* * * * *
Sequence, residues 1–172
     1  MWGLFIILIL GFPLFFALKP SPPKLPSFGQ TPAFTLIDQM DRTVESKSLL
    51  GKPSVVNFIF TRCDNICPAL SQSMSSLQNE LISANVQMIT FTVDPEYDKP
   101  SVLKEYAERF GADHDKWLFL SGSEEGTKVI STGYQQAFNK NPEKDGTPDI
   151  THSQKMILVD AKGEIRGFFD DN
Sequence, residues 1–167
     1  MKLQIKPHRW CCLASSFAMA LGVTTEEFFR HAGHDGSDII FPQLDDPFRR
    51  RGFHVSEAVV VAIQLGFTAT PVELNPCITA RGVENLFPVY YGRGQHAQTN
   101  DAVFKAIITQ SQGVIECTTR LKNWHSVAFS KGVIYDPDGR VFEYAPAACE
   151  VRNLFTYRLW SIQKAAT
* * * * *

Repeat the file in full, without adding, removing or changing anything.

Sequence, residues 1–172
     1  MWGLFIILIL GFPLFFALKP SPPKLPSFGQ TPAFTLIDQM DRTVESKSLL
    51  GKPSVVNFIF TRCDNICPAL SQSMSSLQNE LISANVQMIT FTVDPEYDKP
   101  SVLKEYAERF GADHDKWLFL SGSEEGTKVI STGYQQAFNK NPEKDGTPDI
   151  THSQKMILVD AKGEIRGFFD DN
Sequence, residues 1–167
     1  MKLQIKPHRW CCLASSFAMA LGVTTEEFFR HAGHDGSDII FPQLDDPFRR
    51  RGFHVSEAVV VAIQLGFTAT PVELNPCITA RGVENLFPVY YGRGQHAQTN
   101  DAVFKAIITQ SQGVIECTTR LKNWHSVAFS KGVIYDPDGR VFEYAPAACE
   151  VRNLFTYRLW SIQKAAT